‘Living wage’ policies gain ground in Canadian cities

by Vins
Published: Last Updated on

Some 30 employers and business representatives in Hamilton, Ontario – including the public school board and the Chamber of Commerce – have signed pledges to pay workers a living wage. Hamilton City Council is now preparing to debate in 2016 whether or not the city will make itself a “living wage city employer.” This would affect people who work directly for the City of Hamilton as well as those who are contracted to work for the city. If the policy is adopted, Hamilton would be the second Ontario city, after Cambridge, to adopt a living wage policy.

Nationwide, the first Canadian living wage city was proclaimed in 2011 by the City of New Westminster, B.C., which pegged the region’s living wage at $CD 20.68 per hour. According to anti poverty groups a living wage in Hamilton is $14.95 per hour. The concept of living wages has gained steam in the United States, where several cities have adopted policies to raise their wages above the poverty line.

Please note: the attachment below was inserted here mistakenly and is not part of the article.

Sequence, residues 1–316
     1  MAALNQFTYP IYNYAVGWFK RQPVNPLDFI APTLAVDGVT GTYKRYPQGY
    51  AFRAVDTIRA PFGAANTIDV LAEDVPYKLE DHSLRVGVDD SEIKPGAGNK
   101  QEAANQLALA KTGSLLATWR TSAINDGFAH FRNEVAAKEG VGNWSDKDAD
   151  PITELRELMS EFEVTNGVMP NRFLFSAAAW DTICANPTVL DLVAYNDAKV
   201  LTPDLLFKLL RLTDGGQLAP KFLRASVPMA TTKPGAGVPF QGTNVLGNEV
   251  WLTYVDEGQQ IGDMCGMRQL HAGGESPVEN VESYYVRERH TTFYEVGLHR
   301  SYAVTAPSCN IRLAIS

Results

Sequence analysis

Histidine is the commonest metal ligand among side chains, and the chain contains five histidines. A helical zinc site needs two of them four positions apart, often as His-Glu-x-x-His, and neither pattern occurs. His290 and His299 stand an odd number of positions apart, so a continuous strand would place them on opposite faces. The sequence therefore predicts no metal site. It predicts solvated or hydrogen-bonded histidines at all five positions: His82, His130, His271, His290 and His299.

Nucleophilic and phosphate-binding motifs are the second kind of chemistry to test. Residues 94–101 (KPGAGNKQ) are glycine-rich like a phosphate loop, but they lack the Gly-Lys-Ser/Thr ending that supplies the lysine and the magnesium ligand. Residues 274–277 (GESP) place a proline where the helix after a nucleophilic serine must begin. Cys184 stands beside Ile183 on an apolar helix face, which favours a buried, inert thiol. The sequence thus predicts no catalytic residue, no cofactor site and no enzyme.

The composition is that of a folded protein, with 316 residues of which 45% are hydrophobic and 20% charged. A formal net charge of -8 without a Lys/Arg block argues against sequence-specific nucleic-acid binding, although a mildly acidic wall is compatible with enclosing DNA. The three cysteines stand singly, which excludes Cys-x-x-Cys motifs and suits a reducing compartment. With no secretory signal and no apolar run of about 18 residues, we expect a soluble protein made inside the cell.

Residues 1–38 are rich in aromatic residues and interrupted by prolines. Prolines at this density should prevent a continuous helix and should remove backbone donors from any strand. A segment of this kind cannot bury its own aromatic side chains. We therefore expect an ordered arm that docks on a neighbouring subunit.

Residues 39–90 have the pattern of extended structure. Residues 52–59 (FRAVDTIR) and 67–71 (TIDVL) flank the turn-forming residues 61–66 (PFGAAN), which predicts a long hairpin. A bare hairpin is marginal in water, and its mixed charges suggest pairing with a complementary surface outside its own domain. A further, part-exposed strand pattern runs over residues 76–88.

The original story was published on Rabble.ca, an independent news website. This story is highly relevant in that rising income inequality has become a major issue throughout North America, specifically the issue of whether wages are keeping pace with the cost of living.


Tom Cooper, “Hamilton city by-election puts living wage in the spotlight,” Rabble.ca, March 15, 2016. http://rabble.ca/blogs/bloggers/behind-numbers/2016/03/hamilton-city-byelection-puts-living-wage-policy-spotlight

City of New Westminster, “Living wage employer,” http://www.newwestcity.ca/business/living_wage_employer/living-wage-policy-and-declaration

Student researcher: Michael Joel-Hansen (University of Regina)

Faculty supervisor: Patricia W. Elliott (University of Regina)